Fencing or Olympic Fencing is a known sport where two participants battle against each other using rapier-styled weapons and the winning points of the sport is by making contact with the opponent. Fencing was among the very first sports in the Olympics; and based on the authentic abilities in sportsmanship, the sport became a favorite around the end of the nineteenth century. There are three forms of contemporary fencing and each of these are played with different rules while also utilizing unique styles of fencing swords.
In this modern sport, there are three vital fencing swords utilized: the foil, épée, and sabre. When used for competitions, each of the weapons has its own set of rules and strategies; plus, a full set of fencing equipment necessary includes at least two swords, a white jacket, a Lame but not for the épée, underarm protectors, two mask and body cords, gloves, knickers, as well as knee high socks.
This is one of the three fencing swords utilized in the sport and it is made completely out of metal. The foil is flexible with a rectangular-shaped cross section and it is very light since it weighs less than a pound. Similar to the épée, points using the foil are scored by tip contact which in electrically scored tournaments, are set with a spring loaded button that will signal a touch to the opponent. The uniform worn by a foil fencer includes the lame and an electrically-wired vest to record any hits during the competition; additionally, the foil is the most commonly utilized fencing swords in the competition.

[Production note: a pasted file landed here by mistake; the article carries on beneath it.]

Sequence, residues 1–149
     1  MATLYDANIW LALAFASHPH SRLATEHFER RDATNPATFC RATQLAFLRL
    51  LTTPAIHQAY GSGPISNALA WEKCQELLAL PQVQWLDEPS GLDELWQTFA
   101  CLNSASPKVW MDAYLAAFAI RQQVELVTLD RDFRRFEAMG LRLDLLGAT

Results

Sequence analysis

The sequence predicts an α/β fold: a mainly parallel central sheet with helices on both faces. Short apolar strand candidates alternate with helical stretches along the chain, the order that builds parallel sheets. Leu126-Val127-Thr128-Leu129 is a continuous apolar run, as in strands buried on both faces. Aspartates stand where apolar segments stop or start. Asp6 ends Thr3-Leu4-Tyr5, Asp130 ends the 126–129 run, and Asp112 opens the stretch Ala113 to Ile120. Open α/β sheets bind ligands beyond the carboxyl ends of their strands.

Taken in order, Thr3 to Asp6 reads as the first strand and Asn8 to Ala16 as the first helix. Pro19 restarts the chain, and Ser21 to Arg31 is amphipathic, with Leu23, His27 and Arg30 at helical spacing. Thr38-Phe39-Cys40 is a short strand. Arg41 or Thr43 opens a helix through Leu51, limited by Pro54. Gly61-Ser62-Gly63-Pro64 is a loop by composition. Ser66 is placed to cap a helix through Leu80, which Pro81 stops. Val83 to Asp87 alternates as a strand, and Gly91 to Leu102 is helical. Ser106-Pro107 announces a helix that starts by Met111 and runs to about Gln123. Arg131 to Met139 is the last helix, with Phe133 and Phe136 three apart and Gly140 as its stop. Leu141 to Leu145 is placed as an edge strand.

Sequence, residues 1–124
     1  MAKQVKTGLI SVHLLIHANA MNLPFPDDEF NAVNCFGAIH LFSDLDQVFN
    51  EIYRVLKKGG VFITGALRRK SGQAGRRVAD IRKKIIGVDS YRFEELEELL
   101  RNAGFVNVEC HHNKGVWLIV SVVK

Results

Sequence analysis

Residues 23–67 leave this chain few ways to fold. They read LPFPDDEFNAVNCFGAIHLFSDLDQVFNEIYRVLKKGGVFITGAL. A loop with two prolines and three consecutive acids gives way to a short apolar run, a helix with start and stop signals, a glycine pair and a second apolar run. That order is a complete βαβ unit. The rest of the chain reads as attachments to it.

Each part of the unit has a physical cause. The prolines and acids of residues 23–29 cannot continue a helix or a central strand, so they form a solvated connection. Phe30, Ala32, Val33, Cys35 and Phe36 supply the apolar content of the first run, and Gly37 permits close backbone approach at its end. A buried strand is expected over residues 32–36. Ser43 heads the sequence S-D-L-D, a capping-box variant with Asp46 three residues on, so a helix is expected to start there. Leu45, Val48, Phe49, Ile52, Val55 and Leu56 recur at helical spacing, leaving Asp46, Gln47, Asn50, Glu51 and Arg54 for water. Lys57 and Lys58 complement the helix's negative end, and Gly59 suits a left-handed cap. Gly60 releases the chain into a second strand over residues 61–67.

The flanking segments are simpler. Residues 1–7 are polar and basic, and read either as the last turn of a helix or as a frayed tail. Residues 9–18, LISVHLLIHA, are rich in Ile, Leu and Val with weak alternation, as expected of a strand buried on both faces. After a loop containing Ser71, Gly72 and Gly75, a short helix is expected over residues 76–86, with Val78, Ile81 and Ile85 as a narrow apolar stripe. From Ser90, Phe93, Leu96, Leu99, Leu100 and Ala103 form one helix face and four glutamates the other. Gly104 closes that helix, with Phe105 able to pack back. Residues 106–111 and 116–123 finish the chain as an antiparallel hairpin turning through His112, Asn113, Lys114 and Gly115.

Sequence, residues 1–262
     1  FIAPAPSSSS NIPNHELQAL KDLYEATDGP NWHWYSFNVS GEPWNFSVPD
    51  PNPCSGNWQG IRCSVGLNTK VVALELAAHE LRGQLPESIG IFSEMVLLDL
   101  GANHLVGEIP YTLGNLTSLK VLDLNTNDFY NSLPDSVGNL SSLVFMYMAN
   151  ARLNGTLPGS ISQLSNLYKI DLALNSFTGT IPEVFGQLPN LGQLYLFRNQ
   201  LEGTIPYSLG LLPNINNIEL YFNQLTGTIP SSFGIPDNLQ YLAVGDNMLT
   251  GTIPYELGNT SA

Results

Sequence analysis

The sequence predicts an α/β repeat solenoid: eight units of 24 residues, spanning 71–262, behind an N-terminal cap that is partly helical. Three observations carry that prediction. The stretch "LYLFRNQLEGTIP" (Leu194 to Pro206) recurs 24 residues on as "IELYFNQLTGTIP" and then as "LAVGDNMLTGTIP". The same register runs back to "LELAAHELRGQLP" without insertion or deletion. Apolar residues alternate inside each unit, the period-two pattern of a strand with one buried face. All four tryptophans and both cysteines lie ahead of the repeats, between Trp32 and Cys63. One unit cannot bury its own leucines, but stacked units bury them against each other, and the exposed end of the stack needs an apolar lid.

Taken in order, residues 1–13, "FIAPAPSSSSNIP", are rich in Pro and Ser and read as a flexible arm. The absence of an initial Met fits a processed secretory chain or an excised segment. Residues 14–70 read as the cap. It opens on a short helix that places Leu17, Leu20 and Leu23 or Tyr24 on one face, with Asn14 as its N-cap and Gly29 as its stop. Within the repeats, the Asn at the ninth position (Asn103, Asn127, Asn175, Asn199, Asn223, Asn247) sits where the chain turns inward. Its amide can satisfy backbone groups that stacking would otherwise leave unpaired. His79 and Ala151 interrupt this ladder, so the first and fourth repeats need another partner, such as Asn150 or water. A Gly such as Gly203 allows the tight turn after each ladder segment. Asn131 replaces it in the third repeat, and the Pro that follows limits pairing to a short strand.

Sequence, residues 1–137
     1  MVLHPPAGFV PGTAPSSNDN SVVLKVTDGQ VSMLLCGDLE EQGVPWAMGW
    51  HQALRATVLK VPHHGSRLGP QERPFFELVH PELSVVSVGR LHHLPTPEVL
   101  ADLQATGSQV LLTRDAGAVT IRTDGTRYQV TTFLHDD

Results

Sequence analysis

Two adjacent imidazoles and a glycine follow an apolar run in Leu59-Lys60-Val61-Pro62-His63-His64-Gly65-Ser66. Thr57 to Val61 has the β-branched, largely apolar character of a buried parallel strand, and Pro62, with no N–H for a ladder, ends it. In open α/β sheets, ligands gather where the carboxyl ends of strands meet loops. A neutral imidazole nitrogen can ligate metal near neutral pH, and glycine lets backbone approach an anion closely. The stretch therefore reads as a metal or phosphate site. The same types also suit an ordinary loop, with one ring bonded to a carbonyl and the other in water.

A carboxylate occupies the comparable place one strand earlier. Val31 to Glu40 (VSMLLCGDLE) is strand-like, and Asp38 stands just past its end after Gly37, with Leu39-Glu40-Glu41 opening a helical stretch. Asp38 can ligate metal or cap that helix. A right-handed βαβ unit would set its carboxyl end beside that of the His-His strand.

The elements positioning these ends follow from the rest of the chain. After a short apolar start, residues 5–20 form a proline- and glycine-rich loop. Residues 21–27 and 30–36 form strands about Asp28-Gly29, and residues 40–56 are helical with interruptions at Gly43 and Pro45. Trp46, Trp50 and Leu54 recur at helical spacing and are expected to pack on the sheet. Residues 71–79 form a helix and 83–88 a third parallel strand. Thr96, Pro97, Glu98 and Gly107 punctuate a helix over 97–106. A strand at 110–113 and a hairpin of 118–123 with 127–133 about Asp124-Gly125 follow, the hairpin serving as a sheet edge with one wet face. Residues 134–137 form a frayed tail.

The foil is an extremely light thrusting weapon which may target an opponent’s torso (the back included), the groin, and also the neck; areas to be avoided are the legs and the arms. This weapon has a much smaller hand guard that fully protects its wielder’s hand from direct stabbing. The hand of an opponent is not a valid target when using this weapon and the hand guard is present simply for safety purposes; also keep in mind that touches are scored only with the tip of the weapon and hits via the foil’s side do not register on the scoring equipment.